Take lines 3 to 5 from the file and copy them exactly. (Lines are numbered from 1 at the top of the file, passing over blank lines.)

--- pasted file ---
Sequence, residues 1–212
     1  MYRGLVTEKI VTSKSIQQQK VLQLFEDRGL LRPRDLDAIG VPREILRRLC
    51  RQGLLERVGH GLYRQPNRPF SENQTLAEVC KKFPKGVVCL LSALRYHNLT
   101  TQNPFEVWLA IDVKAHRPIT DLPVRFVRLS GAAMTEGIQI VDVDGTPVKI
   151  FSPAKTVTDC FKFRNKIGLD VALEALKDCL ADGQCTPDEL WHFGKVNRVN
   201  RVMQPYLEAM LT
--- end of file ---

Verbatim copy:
    51  RQGLLERVGH GLYRQPNRPF SENQTLAEVC KKFPKGVVCL LSALRYHNLT
   101  TQNPFEVWLA IDVKAHRPIT DLPVRFVRLS GAAMTEGIQI VDVDGTPVKI
   151  FSPAKTVTDC FKFRNKIGLD VALEALKDCL ADGQCTPDEL WHFGKVNRVN